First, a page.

Several weeks ago, my wife sent me an article about the wildly successful K-cup single-serve coffee format. For the uninitiated, rather than a traditional coffee maker that requires measuring, filters, and a carafe, the K-cup machines have a slot for a small plastic cup. The user puts his or her favorite mug under the spout, drops in a plastic K-cup, hits a button, and in a minute or so has a single cup of joe.

There are obvious benefits to this type of machine. You’re never left with a half-empty pot of stale coffee, and everyone can get his or her favorite flavor or caffeinated versus decaffeinated coffee, since coffee is made one cup at a time. Drinks are generally consistent, and a wide variety of different flavors and styles of coffee are available. What was interesting about the article was that K-cups are astronomically expensive when considered in the context of coffee purchased by weight. A bag of ground coffee might be $3-$5, while a K-cup works out to around a buck a glass. These prices are shocking to a generation used to buying one pound or one kilo bags of coffee at the grocery store; however, the current crop of consumers has been “reeducated” to consider coffee pricing in terms of cups due to mass-market coffee chains. In the context of the average coffee chain, a $1 cup of coffee looks surprisingly reasonable compared to the usual $4 chain offering, not to mention the convenience of a cup at home or work, without travelling to the nearest chain outlet.

Clouds and per-cup pricing

We’re undergoing a similar conceptual shift in IT. Where IT service delivery used to be a project- and infrastructure-focused activity, you can now purchase IT services by single servings, with most cloud providers pricing by user, time period, or on a transactional basis. Just as today’s coffee consumer is thoroughly confused by grandma’s calculations of coffee prices in kilos of beans, IT consumers are finding fixed implementation and infrastructure costs increasingly complex in a growing era of “single serving” pricing.

Many IT organizations have tried to adopt some semblance of this pricing model, combined with chargebacks to pay for the service, diligently tallying up infrastructure, implementation, support, and staff costs, and dividing by the number of users served. In most cases, the math never adds up, since cloud providers can readily undercut internal providers through sheer economies of scale. What’s generally missing is a focus on key business problems rather than fighting the loss of core, commodity infrastructure.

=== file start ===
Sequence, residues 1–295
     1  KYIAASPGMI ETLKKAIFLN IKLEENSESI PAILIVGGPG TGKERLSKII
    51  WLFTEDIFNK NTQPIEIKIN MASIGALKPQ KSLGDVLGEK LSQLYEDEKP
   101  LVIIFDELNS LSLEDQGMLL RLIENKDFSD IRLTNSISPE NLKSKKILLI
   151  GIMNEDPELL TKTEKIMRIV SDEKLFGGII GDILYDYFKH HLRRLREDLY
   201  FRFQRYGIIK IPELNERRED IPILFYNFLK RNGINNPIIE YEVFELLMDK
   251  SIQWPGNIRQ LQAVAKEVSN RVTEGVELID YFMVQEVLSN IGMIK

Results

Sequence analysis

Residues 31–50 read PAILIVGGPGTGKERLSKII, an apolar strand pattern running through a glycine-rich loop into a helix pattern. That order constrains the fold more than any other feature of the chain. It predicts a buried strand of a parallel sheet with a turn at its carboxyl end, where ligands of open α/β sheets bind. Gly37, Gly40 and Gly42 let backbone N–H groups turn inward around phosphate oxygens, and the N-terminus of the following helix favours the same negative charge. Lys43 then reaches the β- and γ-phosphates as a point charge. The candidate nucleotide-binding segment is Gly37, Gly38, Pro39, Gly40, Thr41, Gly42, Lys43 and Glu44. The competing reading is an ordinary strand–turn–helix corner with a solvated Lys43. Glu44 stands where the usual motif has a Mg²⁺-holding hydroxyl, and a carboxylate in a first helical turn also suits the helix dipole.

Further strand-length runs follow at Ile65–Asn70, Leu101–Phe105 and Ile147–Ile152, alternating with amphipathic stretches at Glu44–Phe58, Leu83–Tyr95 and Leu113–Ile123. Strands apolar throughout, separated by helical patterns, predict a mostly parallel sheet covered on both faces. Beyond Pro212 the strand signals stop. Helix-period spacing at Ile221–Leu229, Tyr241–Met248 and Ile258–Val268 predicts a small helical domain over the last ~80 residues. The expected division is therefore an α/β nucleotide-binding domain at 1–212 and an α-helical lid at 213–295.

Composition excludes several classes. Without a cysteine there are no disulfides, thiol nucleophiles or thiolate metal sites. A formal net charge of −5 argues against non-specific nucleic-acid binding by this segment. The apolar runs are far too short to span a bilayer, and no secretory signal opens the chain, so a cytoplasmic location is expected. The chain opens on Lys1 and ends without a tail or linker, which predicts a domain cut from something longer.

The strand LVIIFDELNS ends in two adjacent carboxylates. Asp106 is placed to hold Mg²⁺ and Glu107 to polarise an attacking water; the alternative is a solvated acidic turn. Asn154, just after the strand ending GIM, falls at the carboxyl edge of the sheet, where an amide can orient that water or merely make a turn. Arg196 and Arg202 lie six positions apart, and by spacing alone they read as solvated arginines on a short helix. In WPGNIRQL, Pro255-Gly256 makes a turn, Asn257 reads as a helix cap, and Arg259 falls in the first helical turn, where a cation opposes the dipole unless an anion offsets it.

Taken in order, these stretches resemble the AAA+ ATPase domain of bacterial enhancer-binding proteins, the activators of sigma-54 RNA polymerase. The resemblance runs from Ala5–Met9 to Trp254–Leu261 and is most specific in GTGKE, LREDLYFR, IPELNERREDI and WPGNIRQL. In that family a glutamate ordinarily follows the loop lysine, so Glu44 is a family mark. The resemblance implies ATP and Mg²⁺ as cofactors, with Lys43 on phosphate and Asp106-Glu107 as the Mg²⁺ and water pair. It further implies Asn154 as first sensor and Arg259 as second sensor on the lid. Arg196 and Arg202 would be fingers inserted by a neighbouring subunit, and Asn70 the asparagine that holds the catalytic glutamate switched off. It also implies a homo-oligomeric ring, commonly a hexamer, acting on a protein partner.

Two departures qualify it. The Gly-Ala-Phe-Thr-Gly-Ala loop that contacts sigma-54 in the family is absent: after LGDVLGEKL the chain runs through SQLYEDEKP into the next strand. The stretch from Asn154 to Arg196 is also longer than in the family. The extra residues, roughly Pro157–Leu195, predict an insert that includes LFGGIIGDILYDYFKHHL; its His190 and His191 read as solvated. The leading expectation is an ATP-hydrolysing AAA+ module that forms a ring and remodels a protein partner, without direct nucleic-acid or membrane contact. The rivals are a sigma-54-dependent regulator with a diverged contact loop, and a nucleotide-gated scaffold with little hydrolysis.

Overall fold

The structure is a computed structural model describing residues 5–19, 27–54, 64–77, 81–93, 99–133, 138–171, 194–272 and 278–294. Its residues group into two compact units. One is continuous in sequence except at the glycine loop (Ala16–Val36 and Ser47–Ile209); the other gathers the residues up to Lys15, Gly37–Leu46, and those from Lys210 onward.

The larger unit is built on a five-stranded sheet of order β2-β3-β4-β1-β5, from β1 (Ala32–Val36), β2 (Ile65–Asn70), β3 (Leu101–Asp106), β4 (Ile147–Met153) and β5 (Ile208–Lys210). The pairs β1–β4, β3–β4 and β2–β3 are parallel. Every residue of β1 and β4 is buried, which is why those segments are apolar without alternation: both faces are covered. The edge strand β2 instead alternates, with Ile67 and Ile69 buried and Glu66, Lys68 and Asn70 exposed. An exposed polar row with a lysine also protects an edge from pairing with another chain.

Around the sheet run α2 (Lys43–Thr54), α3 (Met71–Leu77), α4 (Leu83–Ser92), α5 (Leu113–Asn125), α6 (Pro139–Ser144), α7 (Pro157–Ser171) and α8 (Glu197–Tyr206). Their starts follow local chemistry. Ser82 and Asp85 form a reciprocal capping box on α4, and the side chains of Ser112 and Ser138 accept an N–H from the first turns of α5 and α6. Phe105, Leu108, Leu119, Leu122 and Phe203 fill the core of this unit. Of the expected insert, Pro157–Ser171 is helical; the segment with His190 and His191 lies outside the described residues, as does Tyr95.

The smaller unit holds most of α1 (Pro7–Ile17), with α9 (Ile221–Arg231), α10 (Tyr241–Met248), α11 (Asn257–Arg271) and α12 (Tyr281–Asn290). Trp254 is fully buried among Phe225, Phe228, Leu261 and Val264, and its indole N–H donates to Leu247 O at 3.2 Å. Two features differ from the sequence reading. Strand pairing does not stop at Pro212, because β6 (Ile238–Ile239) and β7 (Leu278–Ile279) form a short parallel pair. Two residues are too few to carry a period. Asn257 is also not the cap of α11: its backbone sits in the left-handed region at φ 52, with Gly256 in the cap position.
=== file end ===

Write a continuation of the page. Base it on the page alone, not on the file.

Solving the business problem

As K-cups have demonstrated, people are willing to pay handsomely for convenience and control over their coffee experience. Coffee manufacturers that have licensed the K-cup technology are laughing their way to the bank, even while purchasing traditional beans or pre-ground has obviously superior economics. For IT leaders, clinging desperately to internal infrastructure and fighting new service delivery models based on economic arguments is often a losing battle.

However, if you can offer superior convenience, or focus on solving higher-end business problems, then there is a way for internal IT to stay relevant and even increase its organizational influence. As “single serving” IT services become increasingly available, the IT organization that can rapidly integrate them with existing environments and connect diverse components to create new offerings will rule the day. Rather than complex chargeback schemes that generate laughably inflated per-user costs, you can essentially provide high-value integration services and leave the hassles of core enterprise functions to someone else.

Like the K-cup, most organizations have evolved to where cost is not the primary concern when considering technology, although it can be used as a red herring to guide an outcome. Superior value and integration, rather than baseline infrastructure, will move IT forward in the era of “single serving” pricing.